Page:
Sharp, dynamic, intricate. To sum up the rhythmic physicality of a dancer and choreographer with a style so distinctive is near impossible without staring in admiration at a man whose body responds to music in an almost unnatural way. Tobias Ellehammer is a phenomenon.
At only 25 years old he has taken the world of dance by the tap shoes, starring in both blockbuster-esque dance videos and choreographing for artists such as Liam Payne, Olly Murs, Kylie Minogue, and K-Pop superstars Super Junior (their latest collaboration with him has 36 million views on YouTube to date.) A true creator of dance, his artistry is apparent in each one of his videos. Pause at any moment, and his body is beautifully contorted.
Growing up in Copenhagen, the son of a circus performer-turned-stage manager, and a musician, creativity is in his blood; “I’ve been dancing since I was born, but it was when I saw a dance performance as a child where there was this solo, a break dancer who switched between Breakdancing and Ballet. This whole contrast and versatility with the storytelling element of the art form of dance just caught my eye, and I thought it was fascinating.”
Known for his conceptual choreographic style – as praised by Ne-Yo, Derek Hough, and Jennifer Lopez on American TV dance competition World of Dance – Ellehammer’s fluid and energetic style earned him international acclaim and a huge fandom following his dance trilogy tribute to the Jackson family. Part II has over 40 million views on Social Media. Part III took him 2 years from initial concept to its release in January 2019.
I’ve been dancing since I was born
A career defining project, Ellehammer is philosophical in his approach; “I love to tell a story with it, that’s why I do the videos that I do as I have something in my heart that I want to share. It could come in the shape of choreography or in the concept of direction.” Such is his passion for sharing his art that each one of the videos were self-funded. Music is a focal point, an anchor in the creative process, him citing Prince as his biggest inspiration. “I love who he was as an artist, it was all about how everything worked together in one concept, music and dance.”
A revolutionary who craved originality, Prince himself trained in Classical Ballet. His movements are so beyond his music that the lasting effect this had on Ellehammer is obvious in his attitudes towards his own creative process;
“Thinking back, I have always been very intrigued by honouring the music in the best way possible. It really annoyed me when I was dancing that I would hear things and my body would not be able to react how I wanted to emphasise the music. So at a very early age I started to put little phases together where I would attack the instruments and music with different dynamics. So you could say actually that I started choreographing before I started free-styling and that’s when I fell in love with the art of creation.”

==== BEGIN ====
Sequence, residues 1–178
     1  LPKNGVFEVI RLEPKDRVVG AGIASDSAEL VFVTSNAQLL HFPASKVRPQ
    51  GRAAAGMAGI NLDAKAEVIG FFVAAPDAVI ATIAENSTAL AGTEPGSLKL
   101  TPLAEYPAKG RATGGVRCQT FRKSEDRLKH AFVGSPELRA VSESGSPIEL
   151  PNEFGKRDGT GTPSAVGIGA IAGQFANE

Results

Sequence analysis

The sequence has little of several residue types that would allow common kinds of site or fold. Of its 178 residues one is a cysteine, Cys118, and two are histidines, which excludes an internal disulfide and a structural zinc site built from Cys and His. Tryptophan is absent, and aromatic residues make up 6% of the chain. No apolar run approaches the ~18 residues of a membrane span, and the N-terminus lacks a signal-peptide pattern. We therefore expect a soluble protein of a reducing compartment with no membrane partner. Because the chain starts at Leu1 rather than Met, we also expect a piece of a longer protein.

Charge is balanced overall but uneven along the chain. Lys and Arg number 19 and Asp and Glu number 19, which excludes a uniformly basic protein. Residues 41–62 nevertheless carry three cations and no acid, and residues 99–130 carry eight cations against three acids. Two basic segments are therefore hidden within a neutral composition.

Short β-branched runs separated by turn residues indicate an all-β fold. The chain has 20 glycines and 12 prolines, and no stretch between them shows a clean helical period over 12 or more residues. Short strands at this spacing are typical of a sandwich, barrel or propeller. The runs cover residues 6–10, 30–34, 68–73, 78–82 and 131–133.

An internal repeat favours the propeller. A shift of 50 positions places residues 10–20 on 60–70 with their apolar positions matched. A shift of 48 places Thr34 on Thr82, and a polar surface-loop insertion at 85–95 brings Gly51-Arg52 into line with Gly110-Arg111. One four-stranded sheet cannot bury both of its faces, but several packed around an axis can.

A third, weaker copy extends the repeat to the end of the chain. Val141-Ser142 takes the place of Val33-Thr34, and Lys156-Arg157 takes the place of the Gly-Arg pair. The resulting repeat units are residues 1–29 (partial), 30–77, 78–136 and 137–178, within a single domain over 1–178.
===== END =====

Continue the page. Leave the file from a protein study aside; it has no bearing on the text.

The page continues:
It really annoyed me when I was dancing that I would hear things and my body would not be able to react how I wanted to emphasise the music.
Multi-talented in a number of different dance styles, from Tap to African, Ballet to Popping, “over the years it’s become clear that when I’m incorporating all these different styles into my own movements I’ve found my own style that people recognise, and that’s always been a big goal of mine.” He seems to embody the very way in which he describes the London dance scene; versatile.
Although now London based, his global appeal has seen him spend time in Seoul – where the success of his Jackson trilogy saw a demand for his unique style be applied to the notorious dance-heavy K-Pop videos (“dance is appreciated on a whole other level”) – to the incredible locations used as backdrops to his own show-stopping videos; Part II of the trilogy saw him dance in 12 countries over the space of 16 days.
Social Media has had a massive role to play in this, with Ellehammer finding it both a positive and negative experience; “I love feeling exposed sometimes, but a lot has changed with Social Media, there’s this whole thing of putting something out there just to get instant validation. We should try to embrace feeling uncomfortable and feeling awkward and put that out there. It affects the class environment and ultimately how you learn to dance and push yourself.” Yet, his videos on YouTube and other channels are precisely how he has gained such a devoted global fan base.
When asked who he would choose to join on stage, Ellehammer smiles; “Justin Timberlake. I love his music, I love the way he puts a performance together. He helped define my own intricate dance moves. I remember watching ‘My Love’ and thinking, woah, you can dance like that?!”
Forever occupied by creating, he points over to One Canada Square in Canary Wharf, “I’d love to go up there, have people lay out, and then I would do a top shot with a drone while their arms are moving like this…”